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Aug 4, 2015

From the Earth to the Moon: 1865/1968

Posted by in categories: alien life, astronomy, space, space travel

How does science fiction become science fact? Often the link between art and science can be hard to pin down. It can be unclear if science fiction is actually influencing science or merely observing it, giving the public sneak peaks into the implications of scientist’s work.

But some work of science fiction create direct links to the future. As a young man in Russia, Konstantin Tsiolkovsky read a translation of Jules Verne’s ‘From the Earth to the Moon.” And although Verne’s plan to get to the moon wouldn’t have worked, the novel had just enough science mixed in with its romance to make the central idea seem plausible. Tsiolkovsky became obsessed with the idea of spaceflight, and his life’s work created the foundations of modern rocketry.

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Aug 4, 2015

A (Very) Brief History of Death

Posted by in categories: bionic, biotech/medical, cryonics, cyborgs, education, evolution, futurism, health, information science, life extension, science, transhumanism

“I am prepared to meet my Maker. Whether my Maker is prepared for the great ordeal of meeting me is another matter.” — Winston Churchill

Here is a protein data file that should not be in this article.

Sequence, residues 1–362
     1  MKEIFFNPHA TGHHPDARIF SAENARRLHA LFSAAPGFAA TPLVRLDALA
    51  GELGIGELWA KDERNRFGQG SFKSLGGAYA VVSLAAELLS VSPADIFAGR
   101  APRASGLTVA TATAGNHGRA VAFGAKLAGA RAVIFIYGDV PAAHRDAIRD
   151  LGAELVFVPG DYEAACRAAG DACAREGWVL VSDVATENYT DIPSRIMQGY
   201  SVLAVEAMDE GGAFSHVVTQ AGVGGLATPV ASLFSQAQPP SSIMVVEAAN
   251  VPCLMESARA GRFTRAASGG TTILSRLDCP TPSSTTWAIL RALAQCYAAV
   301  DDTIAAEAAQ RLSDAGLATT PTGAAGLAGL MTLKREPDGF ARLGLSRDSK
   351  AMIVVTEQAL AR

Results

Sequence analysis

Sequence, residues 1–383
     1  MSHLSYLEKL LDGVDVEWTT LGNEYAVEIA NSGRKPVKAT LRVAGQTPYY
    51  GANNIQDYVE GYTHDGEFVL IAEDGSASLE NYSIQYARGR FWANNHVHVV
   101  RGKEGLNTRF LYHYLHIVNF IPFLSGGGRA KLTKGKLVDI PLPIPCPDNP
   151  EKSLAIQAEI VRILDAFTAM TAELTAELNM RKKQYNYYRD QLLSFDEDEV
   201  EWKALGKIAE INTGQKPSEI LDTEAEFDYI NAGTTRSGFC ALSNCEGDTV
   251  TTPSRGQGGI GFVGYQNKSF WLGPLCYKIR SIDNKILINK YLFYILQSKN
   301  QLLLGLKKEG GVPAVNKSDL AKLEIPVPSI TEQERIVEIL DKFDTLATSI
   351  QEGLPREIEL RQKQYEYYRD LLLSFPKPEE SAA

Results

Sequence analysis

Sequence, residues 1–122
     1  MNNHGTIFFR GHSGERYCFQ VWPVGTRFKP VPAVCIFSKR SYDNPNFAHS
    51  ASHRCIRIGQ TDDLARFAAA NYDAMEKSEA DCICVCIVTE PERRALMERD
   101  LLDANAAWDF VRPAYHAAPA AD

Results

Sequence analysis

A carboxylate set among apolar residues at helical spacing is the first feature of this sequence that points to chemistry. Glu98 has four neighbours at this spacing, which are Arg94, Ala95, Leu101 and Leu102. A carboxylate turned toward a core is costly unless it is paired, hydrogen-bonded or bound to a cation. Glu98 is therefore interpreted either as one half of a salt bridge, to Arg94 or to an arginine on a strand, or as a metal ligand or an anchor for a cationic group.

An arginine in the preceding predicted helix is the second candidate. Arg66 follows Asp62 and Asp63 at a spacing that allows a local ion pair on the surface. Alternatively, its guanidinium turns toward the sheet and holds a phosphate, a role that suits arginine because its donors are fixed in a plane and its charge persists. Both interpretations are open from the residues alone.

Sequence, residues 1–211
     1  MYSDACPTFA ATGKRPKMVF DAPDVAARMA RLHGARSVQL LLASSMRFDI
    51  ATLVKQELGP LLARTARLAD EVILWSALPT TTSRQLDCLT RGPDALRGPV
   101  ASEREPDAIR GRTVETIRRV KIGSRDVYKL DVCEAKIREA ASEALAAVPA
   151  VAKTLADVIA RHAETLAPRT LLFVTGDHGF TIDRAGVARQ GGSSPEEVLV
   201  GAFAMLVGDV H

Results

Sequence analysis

Death still enjoys a steady paycheck, but being the Grim Reaper isn’t the cushy job that it used to be.

Aug 4, 2015

This new aluminium battery can charge your phone in 60 seconds

Posted by in category: energy

A new rechargeable aluminium battery has been produced by researchers in the US, and according to them the prototype can charge a smartphone in 60 seconds and it’s more environmentally friendly, heavy-duty, and inexpensive than anything presently on the market. And it won’t suddenly burst into flames like certain generally used lithium-ion batteries are capable of… This new technology has done something researchers around the world have been pursuing for decades — it puts aluminium to better use in the high-demand battery market. The benefits of aluminium are many, counting its cheapness, accessibility, low-flammability, and high-charge storage capability. But the challenge in producing a sustainable aluminium battery has been in finding a material for the cathode — the device through which the entire electrical current passes — that can yield enough voltage to withstand it across a whole lot of charges.

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Aug 3, 2015

World’s first “aqueous solar flow battery” outperforms traditional lithium-iodine batteries

Posted by in categories: energy, solar power, sustainability

The scientists who last year revealed the world’s first solar battery that essentially combines a battery and solar cell, are now reporting its first significant performance milestone. Tested against traditional lithium-iodine batteries, the researchers are claiming energy savings of 20 percent.

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Aug 3, 2015

Quantum batteries could allow for super-fast charging thanks to entanglement

Posted by in category: particle physics

Entangled particles could one day allow your phone to charge at warp speed.

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Aug 3, 2015

Microsoft Works Out How to Upgrade Online Encryption to Protect Against Quantum Computers

Posted by in categories: biotech/medical, computing, encryption, energy